LifeLink and the Emergency Medical Service in Namibia

Namibia has a provider of a full international emergency medical service and rescue on behalf of insurers and assistance services worldwide. It is LifeLink, and we managed to enter their organization and understand how they provide care.

Another chapter for our “EMS in the World” section. This time we are going to speak about LifeLink – Emergency Rescue Services. Currently, it is the only provider of a full and comprehensive international assistance and medical concierge service on behalf of insurers and assistance services worldwide, in Namibia. We have been in contact with the Chief Ambulance Officer, Brian Low and he explains what are the characteristics of their service.

 

Emergency and rescue in Namibia – How many medical vehicles LifeLink disposes of, and what kind of vehicles are?

“We currently have 9 ambulances and two emergency response vehicles. We also can count on air ambulances – One Jet Cessna Citation (pressurised), One MU (pressurised), one Navajo (not pressurised) and we have our own helicopter (bell 402) and access to two police helicopters.”

 

Emergency and rescue in Namibia – Which percentage of territory is covered by your support and how do you manage the remote areas?

“It is difficult to evaluate in percentage terms – we have base stations in Windhoek, Okahandja, Walvis Bay and Henties Bay – we will be soon opening in Swakopmund – from these centres we cover vistually the entire country with either ground or air resources. We will be expanding our ground ambulance base as we progress in order to provide faster access to services.”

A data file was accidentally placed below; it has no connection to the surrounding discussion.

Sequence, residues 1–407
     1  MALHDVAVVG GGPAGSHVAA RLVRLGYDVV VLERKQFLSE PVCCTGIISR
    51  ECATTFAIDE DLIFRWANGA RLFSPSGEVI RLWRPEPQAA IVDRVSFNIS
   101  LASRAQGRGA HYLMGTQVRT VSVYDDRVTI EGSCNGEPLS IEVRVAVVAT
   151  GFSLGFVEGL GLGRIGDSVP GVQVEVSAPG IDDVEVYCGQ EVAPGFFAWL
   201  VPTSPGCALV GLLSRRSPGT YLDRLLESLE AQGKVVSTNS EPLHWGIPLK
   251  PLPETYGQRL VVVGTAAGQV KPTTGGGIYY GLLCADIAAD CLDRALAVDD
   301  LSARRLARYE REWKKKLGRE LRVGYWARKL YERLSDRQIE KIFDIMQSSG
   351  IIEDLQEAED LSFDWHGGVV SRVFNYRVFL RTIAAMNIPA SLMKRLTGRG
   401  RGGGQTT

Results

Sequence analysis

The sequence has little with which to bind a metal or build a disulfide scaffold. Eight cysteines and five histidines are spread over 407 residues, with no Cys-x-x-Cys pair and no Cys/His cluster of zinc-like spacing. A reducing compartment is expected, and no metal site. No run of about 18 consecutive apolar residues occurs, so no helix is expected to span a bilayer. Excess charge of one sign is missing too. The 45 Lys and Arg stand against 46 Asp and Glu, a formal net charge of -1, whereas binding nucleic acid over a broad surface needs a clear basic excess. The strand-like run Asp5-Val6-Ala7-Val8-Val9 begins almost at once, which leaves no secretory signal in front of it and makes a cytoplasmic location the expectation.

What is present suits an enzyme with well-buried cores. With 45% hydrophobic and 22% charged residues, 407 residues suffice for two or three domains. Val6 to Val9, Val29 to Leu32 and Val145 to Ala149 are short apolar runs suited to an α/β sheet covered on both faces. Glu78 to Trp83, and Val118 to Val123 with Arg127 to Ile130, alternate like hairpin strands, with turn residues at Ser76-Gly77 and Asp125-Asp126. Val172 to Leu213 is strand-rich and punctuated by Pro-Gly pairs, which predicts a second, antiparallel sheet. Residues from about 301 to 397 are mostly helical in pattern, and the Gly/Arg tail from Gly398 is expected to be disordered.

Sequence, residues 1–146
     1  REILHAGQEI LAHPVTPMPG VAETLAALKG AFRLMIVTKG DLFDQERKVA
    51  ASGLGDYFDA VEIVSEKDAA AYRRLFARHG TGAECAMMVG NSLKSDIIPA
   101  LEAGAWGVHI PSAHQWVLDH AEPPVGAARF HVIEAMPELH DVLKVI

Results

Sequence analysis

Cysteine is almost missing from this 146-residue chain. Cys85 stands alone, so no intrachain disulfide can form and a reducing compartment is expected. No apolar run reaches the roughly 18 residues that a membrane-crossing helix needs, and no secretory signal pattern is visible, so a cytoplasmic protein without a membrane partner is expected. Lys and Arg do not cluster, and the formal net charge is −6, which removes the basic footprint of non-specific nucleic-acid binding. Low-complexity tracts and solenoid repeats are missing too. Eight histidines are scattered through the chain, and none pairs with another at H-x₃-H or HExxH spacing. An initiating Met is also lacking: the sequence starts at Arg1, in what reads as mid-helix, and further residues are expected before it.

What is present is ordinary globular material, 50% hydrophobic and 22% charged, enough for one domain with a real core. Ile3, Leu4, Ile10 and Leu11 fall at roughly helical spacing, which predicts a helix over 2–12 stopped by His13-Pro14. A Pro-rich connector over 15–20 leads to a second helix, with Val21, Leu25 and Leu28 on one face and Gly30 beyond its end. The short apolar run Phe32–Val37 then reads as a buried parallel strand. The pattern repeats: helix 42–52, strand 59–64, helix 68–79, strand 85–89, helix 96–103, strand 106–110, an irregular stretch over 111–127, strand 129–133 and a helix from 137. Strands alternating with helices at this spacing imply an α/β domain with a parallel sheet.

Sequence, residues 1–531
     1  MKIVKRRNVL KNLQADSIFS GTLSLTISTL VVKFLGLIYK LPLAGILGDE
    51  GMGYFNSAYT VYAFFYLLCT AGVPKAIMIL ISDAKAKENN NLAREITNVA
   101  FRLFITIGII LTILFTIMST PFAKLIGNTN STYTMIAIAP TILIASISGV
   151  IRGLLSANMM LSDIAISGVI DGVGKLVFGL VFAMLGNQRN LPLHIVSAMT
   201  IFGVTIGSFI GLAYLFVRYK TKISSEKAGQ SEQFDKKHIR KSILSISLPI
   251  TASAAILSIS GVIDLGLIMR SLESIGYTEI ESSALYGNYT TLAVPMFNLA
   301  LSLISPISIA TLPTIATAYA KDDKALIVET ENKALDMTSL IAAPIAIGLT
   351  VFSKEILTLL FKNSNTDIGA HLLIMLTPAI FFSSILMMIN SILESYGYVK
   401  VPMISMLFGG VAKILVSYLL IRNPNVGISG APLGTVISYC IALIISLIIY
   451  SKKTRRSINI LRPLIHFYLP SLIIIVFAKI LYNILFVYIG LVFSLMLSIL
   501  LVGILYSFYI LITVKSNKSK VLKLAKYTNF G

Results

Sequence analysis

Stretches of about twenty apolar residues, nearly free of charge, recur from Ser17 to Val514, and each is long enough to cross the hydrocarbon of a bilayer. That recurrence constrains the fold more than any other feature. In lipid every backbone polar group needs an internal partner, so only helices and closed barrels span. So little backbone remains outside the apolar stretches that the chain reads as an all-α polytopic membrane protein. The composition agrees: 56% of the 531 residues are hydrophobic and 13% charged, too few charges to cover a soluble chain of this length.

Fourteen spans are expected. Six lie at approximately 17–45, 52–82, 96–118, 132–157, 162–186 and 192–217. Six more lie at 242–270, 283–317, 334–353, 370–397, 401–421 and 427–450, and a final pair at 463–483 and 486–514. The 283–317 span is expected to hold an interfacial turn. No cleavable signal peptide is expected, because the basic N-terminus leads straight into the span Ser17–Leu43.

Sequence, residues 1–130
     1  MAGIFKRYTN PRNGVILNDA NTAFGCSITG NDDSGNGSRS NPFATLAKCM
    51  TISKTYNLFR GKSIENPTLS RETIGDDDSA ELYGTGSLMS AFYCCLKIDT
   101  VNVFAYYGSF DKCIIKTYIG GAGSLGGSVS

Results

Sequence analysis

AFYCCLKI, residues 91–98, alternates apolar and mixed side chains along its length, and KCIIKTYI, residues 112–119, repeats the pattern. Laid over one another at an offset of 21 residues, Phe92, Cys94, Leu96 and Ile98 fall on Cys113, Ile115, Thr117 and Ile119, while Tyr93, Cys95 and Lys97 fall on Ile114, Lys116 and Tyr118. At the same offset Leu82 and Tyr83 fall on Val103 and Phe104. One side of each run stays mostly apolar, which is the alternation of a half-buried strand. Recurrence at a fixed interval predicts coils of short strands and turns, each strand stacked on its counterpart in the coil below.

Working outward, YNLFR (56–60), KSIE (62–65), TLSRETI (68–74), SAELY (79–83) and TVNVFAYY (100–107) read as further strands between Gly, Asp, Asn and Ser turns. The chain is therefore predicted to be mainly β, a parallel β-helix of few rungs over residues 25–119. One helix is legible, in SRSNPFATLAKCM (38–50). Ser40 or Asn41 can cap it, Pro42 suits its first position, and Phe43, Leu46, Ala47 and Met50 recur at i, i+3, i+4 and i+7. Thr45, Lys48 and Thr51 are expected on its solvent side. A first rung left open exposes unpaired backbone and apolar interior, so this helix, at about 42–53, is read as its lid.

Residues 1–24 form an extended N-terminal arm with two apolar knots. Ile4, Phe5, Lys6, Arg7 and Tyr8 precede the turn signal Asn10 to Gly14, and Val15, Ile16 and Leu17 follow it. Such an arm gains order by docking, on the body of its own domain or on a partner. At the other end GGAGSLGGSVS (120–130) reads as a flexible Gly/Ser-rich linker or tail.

How do you organize EMS and rescue in Namibia?

“We have a fully digital It based control centre which handles all emergency calls – all calls are recorded and vehicles are dispatched / tracked and controlled form the control centre. The phases of the mission depend entirely on circumstance – however, generally it is 1. Active call received. 2. information gathering and vehicle dispatch. 3. First person on scene evaluation and reports 4. additional resources if required. 5. intervention. 6. stabilisation of acute conditions. 7. transport. 8. delivery at receiving facility. 9. crew debriefing and quality control review. For what concerns the team on board, we provide ALS and doctor support for all bls and ILS calls.”

 

 

What about the equipment you cannot do without on the ambulance?

“We carry full ICU level equipment including venitlators, multi parameter monitors, defibrillators, suction units, infusion pumps, syringe drivers, KED’s, splinting, traction devices, vacuum mattresses, scoop and spine boards all with a mutli level stretcher.”

 

Emergency and rescue in Namibia – Do you have some project to improve your EMS service?

 

“LifeLink follows innovations in Europe, USA, Australia, New Zealand and the UK. We are constantly striving to bring standards more to the european way of doing things – we do have a lot of constraints though – mainly financial as well as poor local infrastructure. The standard of local hospitals is also very poor – we do not have specialist centres for strokes, burns, cardiac care etc. The size of Namibia and the demographics also are a big challenge.”

 

READ THE COLUMN ARTICLES:

  1. NETCARE 911 – The leading emergency and pre-hospital provider in South Africa

  2. LifeLink and the Emergency Medical Service in Namibia

  3. Air Ambulance in Nigeria – They come from the sky, they are the Flying Doctors!

  4. AMREF Flying Doctors is 60 this year – Development and devotion are the key for success

  5. Uganda Ambulance Service: When passion meets sacrifice

  6. EMS Namibia – Discover the public ambulance service with the Ministry of Health and Social Services

  7. EMS in Tanzania – Safe and Sound with Knight Support

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